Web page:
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Word On Psoriasis

Psoriasis can affect many different aspects of people's lives - it is not only coping with the treatment that can be difficult, but also coping with other people's reactions to the skin changes.

For more information on Psoriasis, advice on where to get help and details of available support groups, please visit the website of The Psoriasis Association - www.psoriasis-association.org.uk

What is psoriasis?  Psoriasis is a common skin condition affecting 2-3% of the population of the United Kingdom and Ireland.

It is very simply a speeding up of the usual replacement processes of the skin. Normally skin cells take about 21-28 days to replace themselves; in psoriasis, this process is greatly accelerated, and skin cells can be replaced every 2-6 days. This results in an accumulation of skin cells on the surface of the skin, in the form of a psoriatic plaque. This process is the same wherever it occurs on the body.

Who gets psoriasis?  Psoriasis can occur at any point in the lifespan, affecting children, teenagers, adults and older people. It affects males and females equally.

Over a third of people with psoriasis develop the condition before they are 16 and 1.4% of the UK's population of under-19s currently have psoriasis.

Is psoriasis catching?  Psoriasis cannot be caught from other people nor can it be transferred from one part of the body to another.

What does it look like?  Patches of psoriasis (also referred to as plaques) are raised red patches of skin, covered with silvery white scales. The silvery white scales are the accumulation of the skin cells waiting to be shed, and the redness is due to the increase in blood vessels required to support the increase in cell production. Psoriasis can range in appearance from mild to severe. The plaques can appear in a variety of shapes and sizes, varying from a few millimetres to several centimetres in diameter. Plaques of psoriasis have a well-defined edge from the surrounding skin.

Most people (80%) with psoriasis have common plaque psoriasis (also referred to as psoriasis vulgaris – vulgaris just means common) in which the plaques tend to appear most often on the elbows, knees, lower back and scalp, although any part of the body can be affected.

Guttate psoriasis patches are small (often less than 1cm in diameter) and scaly and can be numerous, covering many areas of the body. It is seen most often in children and teenagers and can be triggered by a throat infection.

The appearance of psoriasis in sensitive areas, such as the armpits and groin is often red and shiny, with little or no scaling.

It is not unusual for psoriasis to be itchy, and it can sometimes feel painful or sore.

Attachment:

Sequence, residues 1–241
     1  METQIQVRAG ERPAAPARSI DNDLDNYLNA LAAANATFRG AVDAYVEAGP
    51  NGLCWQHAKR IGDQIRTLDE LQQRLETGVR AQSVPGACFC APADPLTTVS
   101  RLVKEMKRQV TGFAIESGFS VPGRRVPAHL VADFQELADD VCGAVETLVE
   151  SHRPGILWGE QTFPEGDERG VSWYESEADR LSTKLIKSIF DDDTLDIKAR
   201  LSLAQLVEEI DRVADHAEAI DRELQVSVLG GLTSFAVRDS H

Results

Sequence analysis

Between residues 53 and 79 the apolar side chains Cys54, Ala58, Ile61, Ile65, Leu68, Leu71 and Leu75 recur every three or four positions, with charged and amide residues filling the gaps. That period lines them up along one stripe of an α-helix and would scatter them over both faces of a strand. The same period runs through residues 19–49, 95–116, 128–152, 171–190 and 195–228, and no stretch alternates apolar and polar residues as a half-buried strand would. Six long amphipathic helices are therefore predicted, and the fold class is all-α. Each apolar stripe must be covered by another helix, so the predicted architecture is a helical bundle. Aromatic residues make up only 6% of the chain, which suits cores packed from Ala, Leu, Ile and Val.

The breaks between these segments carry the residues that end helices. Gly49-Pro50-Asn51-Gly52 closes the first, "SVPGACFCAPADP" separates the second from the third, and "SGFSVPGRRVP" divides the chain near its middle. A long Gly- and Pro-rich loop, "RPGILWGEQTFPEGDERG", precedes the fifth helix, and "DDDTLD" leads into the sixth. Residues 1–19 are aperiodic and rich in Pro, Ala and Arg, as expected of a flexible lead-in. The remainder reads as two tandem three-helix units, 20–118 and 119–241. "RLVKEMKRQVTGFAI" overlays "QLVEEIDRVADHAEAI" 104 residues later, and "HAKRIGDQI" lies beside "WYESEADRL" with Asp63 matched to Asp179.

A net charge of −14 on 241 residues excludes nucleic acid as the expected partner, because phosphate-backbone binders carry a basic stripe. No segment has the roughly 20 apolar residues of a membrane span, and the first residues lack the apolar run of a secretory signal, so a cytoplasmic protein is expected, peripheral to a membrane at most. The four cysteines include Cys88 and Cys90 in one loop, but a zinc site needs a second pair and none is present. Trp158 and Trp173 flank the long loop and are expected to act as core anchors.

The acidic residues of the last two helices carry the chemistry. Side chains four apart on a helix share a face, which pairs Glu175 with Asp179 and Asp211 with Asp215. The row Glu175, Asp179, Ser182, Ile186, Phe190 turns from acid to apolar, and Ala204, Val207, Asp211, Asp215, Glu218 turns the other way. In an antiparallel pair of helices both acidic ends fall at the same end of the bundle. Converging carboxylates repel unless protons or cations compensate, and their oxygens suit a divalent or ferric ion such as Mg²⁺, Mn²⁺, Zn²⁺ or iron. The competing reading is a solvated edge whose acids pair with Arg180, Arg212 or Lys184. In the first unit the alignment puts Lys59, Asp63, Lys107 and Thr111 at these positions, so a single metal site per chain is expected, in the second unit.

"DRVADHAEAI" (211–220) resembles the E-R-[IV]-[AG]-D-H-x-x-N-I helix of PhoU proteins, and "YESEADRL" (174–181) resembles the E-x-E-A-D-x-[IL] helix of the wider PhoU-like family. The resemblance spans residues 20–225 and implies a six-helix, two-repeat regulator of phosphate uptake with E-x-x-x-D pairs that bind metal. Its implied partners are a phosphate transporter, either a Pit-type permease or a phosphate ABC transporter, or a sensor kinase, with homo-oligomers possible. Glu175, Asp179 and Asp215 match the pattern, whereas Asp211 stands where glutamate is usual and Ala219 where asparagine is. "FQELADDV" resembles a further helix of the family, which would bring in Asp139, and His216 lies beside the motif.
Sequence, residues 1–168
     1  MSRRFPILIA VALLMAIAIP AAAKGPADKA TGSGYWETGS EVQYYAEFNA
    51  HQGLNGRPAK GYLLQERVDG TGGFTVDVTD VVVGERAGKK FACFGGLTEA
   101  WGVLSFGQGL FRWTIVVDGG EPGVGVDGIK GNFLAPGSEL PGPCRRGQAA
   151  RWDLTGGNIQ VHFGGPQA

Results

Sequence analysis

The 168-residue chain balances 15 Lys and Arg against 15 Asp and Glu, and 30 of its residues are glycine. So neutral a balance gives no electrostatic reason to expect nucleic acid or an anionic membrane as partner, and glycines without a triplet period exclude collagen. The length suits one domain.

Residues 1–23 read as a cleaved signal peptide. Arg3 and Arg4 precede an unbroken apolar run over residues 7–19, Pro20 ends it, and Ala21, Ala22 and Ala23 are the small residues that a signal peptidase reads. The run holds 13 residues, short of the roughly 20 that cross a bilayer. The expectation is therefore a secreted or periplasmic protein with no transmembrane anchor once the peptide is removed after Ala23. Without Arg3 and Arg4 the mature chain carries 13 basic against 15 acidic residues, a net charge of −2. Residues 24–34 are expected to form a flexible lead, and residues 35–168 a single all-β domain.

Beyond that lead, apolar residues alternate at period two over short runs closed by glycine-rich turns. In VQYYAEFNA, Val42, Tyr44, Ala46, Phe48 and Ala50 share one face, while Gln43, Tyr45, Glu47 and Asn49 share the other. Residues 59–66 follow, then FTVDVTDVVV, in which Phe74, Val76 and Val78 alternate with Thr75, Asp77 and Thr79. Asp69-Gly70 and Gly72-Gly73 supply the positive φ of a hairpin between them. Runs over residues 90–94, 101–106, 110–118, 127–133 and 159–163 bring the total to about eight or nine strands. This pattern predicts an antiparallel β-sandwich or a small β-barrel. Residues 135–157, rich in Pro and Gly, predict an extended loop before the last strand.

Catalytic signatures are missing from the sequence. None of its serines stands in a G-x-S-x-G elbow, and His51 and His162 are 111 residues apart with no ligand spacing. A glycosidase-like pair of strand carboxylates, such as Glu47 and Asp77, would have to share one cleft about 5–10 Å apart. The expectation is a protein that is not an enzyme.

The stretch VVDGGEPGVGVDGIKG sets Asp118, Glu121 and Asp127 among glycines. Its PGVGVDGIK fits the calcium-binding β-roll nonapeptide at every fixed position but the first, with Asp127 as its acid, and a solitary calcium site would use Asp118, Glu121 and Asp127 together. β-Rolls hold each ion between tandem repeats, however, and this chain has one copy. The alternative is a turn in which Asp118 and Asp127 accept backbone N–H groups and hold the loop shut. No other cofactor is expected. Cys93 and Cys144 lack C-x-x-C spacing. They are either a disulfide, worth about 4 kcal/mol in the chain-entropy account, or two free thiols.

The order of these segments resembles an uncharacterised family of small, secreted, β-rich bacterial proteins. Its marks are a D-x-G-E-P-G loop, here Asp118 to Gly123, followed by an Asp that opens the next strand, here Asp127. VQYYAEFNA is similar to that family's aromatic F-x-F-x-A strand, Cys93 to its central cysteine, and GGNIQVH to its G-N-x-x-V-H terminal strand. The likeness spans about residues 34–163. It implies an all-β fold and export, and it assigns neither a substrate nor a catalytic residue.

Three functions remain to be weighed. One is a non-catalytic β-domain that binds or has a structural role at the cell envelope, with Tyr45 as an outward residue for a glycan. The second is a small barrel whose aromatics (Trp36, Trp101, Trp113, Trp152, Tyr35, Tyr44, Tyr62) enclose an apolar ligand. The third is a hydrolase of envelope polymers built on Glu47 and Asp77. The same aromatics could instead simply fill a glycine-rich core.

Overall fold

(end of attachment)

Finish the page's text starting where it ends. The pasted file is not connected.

Other forms of psoriasis include pustular psoriasis where small blisters appear, usually on the hands and feet and nail psoriasis where changes in the appearance and texture of the nails occur.

What causes it?  Traditionally psoriasis was thought to be a condition of the uppermost layer of the skin (the epidermis), but recent research has found that the changes in the skin begin in the immune system when certain immune cells (T cells) are triggered and become overactive. The T cells produce inflammatory chemicals and act as if they were fighting an infection or healing a wound, which leads to the rapid growth of skin cells causing psoriatic plaques to form. You may, therefore, hear psoriasis being described as an “auto-immune disease” or “immune-mediated condition”. It is not yet clear what triggers the immune system to act in this way.

Around 30% of people with psoriasis have a family history of the condition, and certain genes have been identified as being linked to psoriasis. However, many genes are involved and even if the right combination of genes has been inherited, psoriasis may not appear. A trigger is required for psoriasis to develop and this could be a throat infection, injury to the skin, certain drugs, and physical or emotional stress.

How can psoriasis be treated?  This will depend on the type of psoriasis that you have, and on its severity. Ther good news is in the last decade new treatments have  been developed and introduced, For more information on Psoriasis, advice on where to get help and details of available support groups, please visit the website of The Psoriasis Association -www.psoriasis-association.org.uk

All material on this website is provided for your information only and may not be construed as medical advice or instruction. No action or inaction should be taken based solely on the contents of this information; instead, readers should consult appropriate health professionals on any matter relating to their health and well-being.